Short Names are mangled incorrectly. According to the docs I've read the convention is five letters of the file name and a tilde and then two letters from a hash of the entire file name, then a period and the extension.
Here's an example of what's occuring:
01/17/2006 01:16 PM <DIR> CRT6BY~Q Conferences
10/04/2005 03:38 PM <DIR> CF0BW7~R Committees
01/11/2006 02:49 AM <DIR> P5UBMN~9 PastPerformance
04/07/2006 03:20 PM <DIR> LNLYW2~O LabRawData
From the looks of it, the entire thing seems to end up a hash of the file name. This makes it so it's exteremely hard for users to find their files when using older software with mapped network drives.
The default name mangling algorithm Samba uses changed. There are several things you can change to make the mangling look more like Windows. Look into the
"mangle prefix" option, plus you can change the mangling back to the old algorithm by setting "mangling method = hash" instead of the default "mangling method = hash2"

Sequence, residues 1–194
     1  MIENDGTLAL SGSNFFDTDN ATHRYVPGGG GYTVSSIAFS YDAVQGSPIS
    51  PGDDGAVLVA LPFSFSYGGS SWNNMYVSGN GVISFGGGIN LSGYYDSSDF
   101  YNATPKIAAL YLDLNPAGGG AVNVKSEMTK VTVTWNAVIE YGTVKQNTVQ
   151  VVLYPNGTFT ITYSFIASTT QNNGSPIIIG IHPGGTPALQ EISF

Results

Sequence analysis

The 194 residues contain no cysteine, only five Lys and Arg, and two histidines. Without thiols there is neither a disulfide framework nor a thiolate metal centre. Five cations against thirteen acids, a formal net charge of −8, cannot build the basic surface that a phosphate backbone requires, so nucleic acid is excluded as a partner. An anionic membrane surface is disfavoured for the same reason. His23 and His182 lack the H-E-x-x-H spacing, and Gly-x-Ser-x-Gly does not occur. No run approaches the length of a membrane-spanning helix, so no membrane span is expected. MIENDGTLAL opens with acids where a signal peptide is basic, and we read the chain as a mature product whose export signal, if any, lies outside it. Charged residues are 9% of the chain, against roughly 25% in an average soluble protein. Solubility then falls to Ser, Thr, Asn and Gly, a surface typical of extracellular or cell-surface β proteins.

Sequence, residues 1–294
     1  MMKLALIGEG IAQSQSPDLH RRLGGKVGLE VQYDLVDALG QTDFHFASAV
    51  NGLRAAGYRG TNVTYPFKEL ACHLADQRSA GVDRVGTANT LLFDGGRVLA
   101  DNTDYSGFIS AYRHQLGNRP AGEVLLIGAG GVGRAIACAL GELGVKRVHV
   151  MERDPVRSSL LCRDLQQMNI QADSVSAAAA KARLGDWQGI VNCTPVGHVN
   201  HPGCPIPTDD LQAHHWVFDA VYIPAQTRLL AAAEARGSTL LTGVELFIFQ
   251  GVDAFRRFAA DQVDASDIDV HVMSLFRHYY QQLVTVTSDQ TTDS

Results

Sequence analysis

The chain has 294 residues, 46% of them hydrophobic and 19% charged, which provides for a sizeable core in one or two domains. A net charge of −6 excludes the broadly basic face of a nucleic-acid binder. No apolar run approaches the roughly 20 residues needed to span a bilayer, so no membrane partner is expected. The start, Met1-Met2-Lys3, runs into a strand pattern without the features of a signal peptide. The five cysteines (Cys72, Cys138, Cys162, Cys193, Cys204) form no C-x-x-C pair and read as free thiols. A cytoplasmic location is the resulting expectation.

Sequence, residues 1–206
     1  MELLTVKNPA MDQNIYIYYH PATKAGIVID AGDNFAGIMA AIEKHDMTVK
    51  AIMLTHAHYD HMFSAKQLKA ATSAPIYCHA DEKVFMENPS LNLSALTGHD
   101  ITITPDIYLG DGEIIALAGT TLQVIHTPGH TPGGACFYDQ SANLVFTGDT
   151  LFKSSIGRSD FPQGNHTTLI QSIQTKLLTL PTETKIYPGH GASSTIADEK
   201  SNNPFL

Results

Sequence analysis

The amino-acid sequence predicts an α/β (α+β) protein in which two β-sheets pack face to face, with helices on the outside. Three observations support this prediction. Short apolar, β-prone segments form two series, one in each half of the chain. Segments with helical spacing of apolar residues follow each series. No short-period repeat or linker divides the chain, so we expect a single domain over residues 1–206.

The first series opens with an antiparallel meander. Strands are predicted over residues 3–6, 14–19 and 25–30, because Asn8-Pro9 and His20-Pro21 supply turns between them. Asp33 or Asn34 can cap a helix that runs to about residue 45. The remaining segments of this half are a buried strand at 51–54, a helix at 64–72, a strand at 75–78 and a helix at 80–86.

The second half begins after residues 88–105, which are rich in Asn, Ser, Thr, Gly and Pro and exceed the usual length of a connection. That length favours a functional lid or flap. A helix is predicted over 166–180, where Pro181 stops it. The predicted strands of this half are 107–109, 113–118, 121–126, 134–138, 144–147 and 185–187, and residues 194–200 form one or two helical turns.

This is really a docs bug, not a code bug.
I feel this is a bug as the name is now just a hash by default. Having a default value of 1 letter preserved is rather silly. Also, the Tilde no longer separates the hash from the preserved characters.
As mentioned, it's a docs bug not a code bug. It's working as designed.
Designs can have bugs also, this is a design bug. The default should NOT be 1 letter of prefix as the purpose of a short file name is to provide compatibility to old software which requires 8.3 filenames while still allowing users to locate their files. Yes, from your programmer's perspective it might be perfectly reasonable to have the entire 8.3 filename as a hash to prevent collision, it is, however, at odds with nessesity.
For example, none of the users of our samba server could locate any of their directories when using FoxPro 2.6 and the new default hashing mechanism. What is the point of the default, if it is always required to be changed in order to provide usefullness?